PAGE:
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How Does That Ad Know Who I Am??-The Rise of INTERACTIVE Ads

David Bosley

As marketers, we all know that there’s a pretty thin line between creepy and unbelievably cool when it comes to personalization. And — let’s be honest — we’re getting kinda good at skating all along that line. At PBJ, innovation is the name of the game and interactive ads definitely fit the bill. Remarketing ads continue to be incredibly popular, and marketers are really stretching their wings when it comes to finding ways to get their audience’s undivided attention and ultimately engagement. Because that’s what it’s all about, right? Getting your audience to not only take a break from their snap chatting to genuinely engage with your brand.

Seamless Personalization

One of the most fascinating examples we’ve seen recently is the creepy-cool Alien: Covenant ad that actually knows your name. Not only does it know your name, but this insane ad actually inserts your name into the audio of the ad seamlessly, intoning “<name> Run” in a macabre voice. The technology required to pull this off certainly isn’t simple, but it truly was done well — there’s not even a pause. The television channel that ran the ad utilized a deep well of registration data in order to personalize each user’s experience. Of course, not every organization has access to this deep of a level of user data, or has a way to use it. You can still look at a light implementation such as incorporating your customer’s name into a digital ad or on-screen interactive element.

An Emotional Battle

AI In Digital Marketing

Did you know that Facebook can now potentially target your audience based on what kind of mood they’re in? This may seem like it’s taking things a bit far, but there are plenty of marketers out there who are looking to play on emotions. Some items are more likely to be purchased when people are in a bad mood, such as things that are familiar and comforting. When you’re in a good mood, you may be more willing to branch out into items that are perhaps a little more edgy or outside of your normal comfort zone. In other words, you may be more willing to take a chance on something new if you’re feeling particularly ebullient. Those evil marketers (aka US) are then able to prey on your emotions to determine when best to hit you with a specific type of offer that is not only personalized with your name, but even your emotions.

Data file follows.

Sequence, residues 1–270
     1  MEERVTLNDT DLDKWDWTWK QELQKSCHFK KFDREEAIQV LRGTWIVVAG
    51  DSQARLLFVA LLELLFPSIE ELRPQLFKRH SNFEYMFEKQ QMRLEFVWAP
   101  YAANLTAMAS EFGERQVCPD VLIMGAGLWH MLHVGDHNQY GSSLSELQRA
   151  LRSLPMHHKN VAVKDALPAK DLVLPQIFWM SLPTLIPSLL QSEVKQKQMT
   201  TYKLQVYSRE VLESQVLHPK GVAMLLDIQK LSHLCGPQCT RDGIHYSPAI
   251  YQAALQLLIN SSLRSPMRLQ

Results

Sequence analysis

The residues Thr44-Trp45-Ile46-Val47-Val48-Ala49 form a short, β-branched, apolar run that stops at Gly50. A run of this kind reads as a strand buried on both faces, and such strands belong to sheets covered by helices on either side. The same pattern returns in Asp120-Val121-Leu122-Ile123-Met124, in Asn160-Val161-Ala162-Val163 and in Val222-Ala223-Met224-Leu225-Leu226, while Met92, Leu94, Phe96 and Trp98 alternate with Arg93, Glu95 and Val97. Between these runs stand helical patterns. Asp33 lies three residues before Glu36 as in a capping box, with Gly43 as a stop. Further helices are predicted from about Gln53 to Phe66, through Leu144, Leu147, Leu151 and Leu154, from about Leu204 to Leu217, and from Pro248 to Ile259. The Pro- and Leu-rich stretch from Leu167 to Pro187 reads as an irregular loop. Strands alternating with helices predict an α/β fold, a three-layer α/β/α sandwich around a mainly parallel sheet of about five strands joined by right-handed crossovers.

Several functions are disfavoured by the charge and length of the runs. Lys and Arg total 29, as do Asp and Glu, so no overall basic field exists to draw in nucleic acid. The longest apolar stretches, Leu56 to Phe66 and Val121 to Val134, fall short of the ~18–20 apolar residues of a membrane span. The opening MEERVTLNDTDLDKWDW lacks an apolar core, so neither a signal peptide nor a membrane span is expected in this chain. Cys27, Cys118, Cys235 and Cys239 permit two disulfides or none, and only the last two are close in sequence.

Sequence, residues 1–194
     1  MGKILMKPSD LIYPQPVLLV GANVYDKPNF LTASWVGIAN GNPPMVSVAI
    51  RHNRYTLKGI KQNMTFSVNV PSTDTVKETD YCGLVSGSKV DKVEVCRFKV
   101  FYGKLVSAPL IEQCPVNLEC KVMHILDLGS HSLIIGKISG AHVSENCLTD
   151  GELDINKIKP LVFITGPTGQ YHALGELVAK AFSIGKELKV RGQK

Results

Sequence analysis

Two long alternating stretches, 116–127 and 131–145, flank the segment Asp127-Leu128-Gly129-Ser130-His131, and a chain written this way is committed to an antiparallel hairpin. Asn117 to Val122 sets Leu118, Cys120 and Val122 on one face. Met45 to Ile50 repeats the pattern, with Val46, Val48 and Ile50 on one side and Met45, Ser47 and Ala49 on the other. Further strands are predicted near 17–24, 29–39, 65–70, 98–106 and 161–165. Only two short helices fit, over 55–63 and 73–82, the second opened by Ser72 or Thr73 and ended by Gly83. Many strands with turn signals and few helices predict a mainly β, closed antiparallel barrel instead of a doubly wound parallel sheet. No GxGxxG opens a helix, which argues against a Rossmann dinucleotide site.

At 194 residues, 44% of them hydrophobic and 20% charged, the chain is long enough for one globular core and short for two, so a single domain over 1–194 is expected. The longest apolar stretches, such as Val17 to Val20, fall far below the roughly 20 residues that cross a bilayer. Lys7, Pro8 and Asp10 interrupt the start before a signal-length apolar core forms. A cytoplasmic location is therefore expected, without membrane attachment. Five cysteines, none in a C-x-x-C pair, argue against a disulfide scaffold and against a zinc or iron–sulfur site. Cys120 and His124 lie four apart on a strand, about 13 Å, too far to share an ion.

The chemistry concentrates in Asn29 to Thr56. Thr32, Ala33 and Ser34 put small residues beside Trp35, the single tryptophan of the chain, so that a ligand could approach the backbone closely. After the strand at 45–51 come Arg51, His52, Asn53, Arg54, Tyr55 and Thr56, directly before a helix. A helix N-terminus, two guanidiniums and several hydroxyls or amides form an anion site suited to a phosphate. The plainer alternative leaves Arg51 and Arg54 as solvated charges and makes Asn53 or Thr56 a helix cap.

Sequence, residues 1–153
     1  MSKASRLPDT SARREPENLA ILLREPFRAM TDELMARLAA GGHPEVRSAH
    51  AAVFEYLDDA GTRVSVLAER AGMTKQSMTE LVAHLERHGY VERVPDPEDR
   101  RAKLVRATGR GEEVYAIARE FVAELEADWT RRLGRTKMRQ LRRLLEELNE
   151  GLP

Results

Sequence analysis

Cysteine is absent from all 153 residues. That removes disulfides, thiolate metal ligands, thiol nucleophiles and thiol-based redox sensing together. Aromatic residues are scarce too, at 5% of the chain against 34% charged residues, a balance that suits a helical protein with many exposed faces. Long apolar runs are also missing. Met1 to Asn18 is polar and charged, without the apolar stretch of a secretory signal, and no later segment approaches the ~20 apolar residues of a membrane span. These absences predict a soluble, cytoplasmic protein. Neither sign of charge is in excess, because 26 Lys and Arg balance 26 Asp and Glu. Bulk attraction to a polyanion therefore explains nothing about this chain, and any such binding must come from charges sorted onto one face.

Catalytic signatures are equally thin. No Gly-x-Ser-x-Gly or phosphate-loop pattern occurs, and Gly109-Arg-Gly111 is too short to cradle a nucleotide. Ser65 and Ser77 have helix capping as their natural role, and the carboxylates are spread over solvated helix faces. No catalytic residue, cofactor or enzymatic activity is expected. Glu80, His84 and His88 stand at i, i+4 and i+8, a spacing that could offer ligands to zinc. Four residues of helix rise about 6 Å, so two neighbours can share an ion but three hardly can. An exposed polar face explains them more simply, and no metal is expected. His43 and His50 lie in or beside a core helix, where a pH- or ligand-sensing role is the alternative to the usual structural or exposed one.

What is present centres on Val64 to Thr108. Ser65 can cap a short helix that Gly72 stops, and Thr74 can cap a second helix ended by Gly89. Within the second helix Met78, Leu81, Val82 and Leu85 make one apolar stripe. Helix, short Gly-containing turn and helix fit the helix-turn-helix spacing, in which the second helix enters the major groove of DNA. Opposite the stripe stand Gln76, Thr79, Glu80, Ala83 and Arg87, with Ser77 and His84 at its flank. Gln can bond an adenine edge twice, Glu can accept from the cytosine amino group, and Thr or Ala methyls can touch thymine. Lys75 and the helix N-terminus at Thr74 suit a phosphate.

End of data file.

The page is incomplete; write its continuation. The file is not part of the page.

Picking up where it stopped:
While some marketers argue that this direction actually humanizes their ads by marketing to individuals instead of just another number, finding out that this is available can be a bit jarring. You and your team may not be comfortable releasing this detail of information on your customers, or you may consider it just another data point. There are no right or wrong answers, but it’s important to always put yourself in your customer’s shoes to determine if you’re crossing the creepy line.

Pure Interactivity Plays

While personalization has received a lot of attention over the past few years, the interactive element is what’s really rising to the forefront. Consider the recent Mountain Dew ad, where the Professor has a little game of 3-3 with himself . . . before bringing you right into the game with him. You find yourself thinking “Where’s that sound coming from?” at about 40 seconds into the ad, but when you scan around it’s immediately obvious. Hot spots within the ad provide CTAs that feel much more interactive than a simple text link or button. The best part about these ads is that you don’t need special hardware or software. Your audience can get involved right within their web browser or inside their mobile app.

It’s important to note that digital isn’t the only place that you can go wild with the level of interactivity. Ikea is known to be a company that stays on the cutting edge, and they definitely haven’t disappointed with their recent offering. Perhaps you’ve heard about the print Ikea ad that doubles as a pregnancy test? Yup, you pee on the paper to reveal not only whether or not you’re pregnant, but a special price as well. Fortunately, no pee-soaked ads required to get the in-store discount. (Ewww.)